A common treasury for all: Gerrard Winstanley's vision of utopia

Empson, Martin

Publisher:  International Socialism
Date Written:  05/04/2017
Year Published:  2017  
Resource Type:  Article
Cx Number:  CX21007

Gerrard Winstanley was the ideological force behind the Diggers, a left-wing movement during the English Revolution. The Digger movement of 1648-1650 arose out of the juncture of three processes, notably the transition from feudalism to capitalism.



The Diggers believed in the abolition of private property. In this they went much further than the majority of others on the left during the revolutionary period. For instance, a Leveller pamphlet More Light Shining in Buckinghamshire appeared in March 1649, a few days before the digging began at St George's Hill, which "called for equality of property on the same principle as the Agitators at Putney had called for equal electoral rights". Because the Leveller pamphlet did not go as far as to call for the abolition of private property, Keith Thomas described this as "agrarian egalitarianism rather than communism". As the Levellers put it "all men being alike privileged by birth, so all men were to enjoy the creatures alike without property one more than the other".

The ideas and actions of Winstanley’s Diggers at St George’s Hill and later Cobham, were unusually radical, but they were not unique. The historian Christopher Hill has suggested that St George’s Hill was only the “tip of the iceberg of True Levellerism”.11 In fact, similar camps were also set up at locations in Northamptonshire, Kent, Barnet, Enfield, Dunstable, Bosworth and Nottinghamshire, possibly in Buckinghamshire and Gloucestershire as well as Winstanley’s in Surrey.12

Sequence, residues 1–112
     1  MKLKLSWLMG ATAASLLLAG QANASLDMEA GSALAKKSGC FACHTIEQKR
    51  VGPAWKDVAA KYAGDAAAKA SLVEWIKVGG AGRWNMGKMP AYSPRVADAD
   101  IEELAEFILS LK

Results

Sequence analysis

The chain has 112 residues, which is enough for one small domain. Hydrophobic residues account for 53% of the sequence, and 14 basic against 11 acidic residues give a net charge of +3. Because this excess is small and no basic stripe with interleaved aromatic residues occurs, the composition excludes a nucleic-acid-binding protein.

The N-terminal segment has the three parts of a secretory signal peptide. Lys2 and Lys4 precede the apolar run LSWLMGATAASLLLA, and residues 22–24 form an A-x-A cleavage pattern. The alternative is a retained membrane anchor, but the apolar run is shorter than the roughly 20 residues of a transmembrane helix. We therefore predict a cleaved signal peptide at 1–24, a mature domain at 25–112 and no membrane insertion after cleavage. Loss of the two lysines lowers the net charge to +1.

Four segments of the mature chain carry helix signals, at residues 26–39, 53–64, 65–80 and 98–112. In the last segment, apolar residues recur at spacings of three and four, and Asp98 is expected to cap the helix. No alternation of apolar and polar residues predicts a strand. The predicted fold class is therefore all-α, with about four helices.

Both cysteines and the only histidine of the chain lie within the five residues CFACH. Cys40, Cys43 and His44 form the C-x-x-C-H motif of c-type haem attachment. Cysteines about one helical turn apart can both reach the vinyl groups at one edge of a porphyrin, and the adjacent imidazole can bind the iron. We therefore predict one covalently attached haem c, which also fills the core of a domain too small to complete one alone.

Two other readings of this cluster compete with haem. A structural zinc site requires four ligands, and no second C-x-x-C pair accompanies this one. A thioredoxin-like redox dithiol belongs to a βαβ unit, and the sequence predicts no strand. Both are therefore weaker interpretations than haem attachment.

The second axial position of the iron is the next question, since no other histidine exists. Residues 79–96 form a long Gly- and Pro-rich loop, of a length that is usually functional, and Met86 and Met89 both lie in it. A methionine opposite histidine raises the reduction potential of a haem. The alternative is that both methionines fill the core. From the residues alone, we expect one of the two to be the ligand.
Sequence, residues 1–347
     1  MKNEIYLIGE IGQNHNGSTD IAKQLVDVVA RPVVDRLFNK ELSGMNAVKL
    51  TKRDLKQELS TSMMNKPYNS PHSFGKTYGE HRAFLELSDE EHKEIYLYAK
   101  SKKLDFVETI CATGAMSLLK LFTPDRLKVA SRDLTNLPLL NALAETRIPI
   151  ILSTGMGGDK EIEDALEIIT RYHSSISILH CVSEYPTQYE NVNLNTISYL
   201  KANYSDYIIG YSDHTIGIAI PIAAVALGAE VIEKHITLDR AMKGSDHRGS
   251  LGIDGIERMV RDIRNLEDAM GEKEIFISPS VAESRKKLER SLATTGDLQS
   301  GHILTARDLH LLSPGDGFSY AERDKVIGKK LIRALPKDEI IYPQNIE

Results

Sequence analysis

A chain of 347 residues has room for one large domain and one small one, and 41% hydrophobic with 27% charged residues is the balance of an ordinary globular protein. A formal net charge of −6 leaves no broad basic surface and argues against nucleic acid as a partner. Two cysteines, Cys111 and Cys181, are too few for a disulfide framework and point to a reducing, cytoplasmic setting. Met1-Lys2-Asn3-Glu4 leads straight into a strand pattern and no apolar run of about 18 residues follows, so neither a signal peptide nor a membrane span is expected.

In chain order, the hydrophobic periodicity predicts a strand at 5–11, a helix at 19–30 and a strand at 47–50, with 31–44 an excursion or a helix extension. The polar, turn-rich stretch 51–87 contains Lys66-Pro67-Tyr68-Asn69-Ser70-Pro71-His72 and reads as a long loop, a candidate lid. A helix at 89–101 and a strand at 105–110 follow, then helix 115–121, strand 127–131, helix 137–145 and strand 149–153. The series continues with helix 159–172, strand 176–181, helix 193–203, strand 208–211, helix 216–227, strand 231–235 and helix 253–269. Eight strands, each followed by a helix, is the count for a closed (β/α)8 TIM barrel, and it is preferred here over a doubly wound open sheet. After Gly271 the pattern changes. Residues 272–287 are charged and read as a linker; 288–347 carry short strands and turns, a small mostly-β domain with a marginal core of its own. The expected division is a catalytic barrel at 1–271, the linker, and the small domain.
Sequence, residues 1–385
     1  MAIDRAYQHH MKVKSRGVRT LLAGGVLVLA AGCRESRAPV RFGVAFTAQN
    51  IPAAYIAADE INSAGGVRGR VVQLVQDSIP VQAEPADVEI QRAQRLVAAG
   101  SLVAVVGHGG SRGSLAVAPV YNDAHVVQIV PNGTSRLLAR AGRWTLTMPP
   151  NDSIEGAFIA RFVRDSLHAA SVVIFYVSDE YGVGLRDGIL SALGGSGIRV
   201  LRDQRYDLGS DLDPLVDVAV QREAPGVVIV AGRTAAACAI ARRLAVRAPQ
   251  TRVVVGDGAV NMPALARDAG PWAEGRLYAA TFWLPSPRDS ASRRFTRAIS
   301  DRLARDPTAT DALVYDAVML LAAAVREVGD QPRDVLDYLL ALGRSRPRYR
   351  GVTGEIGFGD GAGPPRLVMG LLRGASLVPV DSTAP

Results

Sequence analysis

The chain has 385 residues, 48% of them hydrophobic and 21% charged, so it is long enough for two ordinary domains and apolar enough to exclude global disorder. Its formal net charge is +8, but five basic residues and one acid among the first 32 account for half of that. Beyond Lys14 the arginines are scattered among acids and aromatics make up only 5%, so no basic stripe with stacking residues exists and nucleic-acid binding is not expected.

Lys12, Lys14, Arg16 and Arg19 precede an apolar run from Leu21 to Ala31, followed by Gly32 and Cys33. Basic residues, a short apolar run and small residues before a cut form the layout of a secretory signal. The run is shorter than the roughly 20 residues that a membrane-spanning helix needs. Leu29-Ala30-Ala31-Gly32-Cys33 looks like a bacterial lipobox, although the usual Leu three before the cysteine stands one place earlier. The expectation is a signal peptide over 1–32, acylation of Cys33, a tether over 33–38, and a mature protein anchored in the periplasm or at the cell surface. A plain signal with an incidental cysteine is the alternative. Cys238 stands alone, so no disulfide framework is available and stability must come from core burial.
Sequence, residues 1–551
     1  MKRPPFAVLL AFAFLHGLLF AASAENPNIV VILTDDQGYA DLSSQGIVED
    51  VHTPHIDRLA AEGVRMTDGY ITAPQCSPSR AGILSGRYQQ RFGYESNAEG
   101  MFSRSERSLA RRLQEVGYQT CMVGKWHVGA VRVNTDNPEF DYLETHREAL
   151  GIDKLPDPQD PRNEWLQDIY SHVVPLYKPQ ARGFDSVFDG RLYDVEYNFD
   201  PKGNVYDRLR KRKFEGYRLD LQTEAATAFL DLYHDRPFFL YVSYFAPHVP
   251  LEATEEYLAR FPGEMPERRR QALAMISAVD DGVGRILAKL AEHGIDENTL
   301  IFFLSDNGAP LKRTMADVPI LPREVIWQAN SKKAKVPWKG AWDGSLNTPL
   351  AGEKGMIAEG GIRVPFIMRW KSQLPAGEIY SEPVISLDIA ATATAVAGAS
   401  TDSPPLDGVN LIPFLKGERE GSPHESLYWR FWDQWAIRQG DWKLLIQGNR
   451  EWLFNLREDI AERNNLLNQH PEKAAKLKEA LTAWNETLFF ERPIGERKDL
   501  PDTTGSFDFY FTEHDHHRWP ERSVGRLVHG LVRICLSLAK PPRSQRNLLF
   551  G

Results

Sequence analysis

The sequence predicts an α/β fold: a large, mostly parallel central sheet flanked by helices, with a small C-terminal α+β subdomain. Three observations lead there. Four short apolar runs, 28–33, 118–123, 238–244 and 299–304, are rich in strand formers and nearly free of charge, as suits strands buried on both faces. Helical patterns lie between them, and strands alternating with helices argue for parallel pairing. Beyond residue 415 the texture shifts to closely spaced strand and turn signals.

The number of Digger camps is impressive, though we know very little about most of them. But they reflected wider discontent. The call for the enclosed land, or that which had been given to the crown to be returned for the use of the poor became a “standard radical demand”.13

The camps appeared at an unfortunate time for those who had just executed the king. No doubt they were hoping for a period of calm so that they could entrench their rule; instead discontent was growing, particularly within the army. Radicals were disappointed with events since Charles’s execution; hunger was an issue even in London and in April; Leveller mutinies took place in the army after soldiers refused to serve in Ireland as part of a military campaign organised by Oliver Cromwell. These spread to other regiments around the country and eventually Cromwell and Thomas Fairfax, the nominal commander of the New Model Army, executed leading Levellers at Burford on 14 May 1649.

The establishment of camps by radicals demanding the common ownership of land and the abolition of private property was unwelcome in the least, as it risked opening up a new anti-Parliament front.
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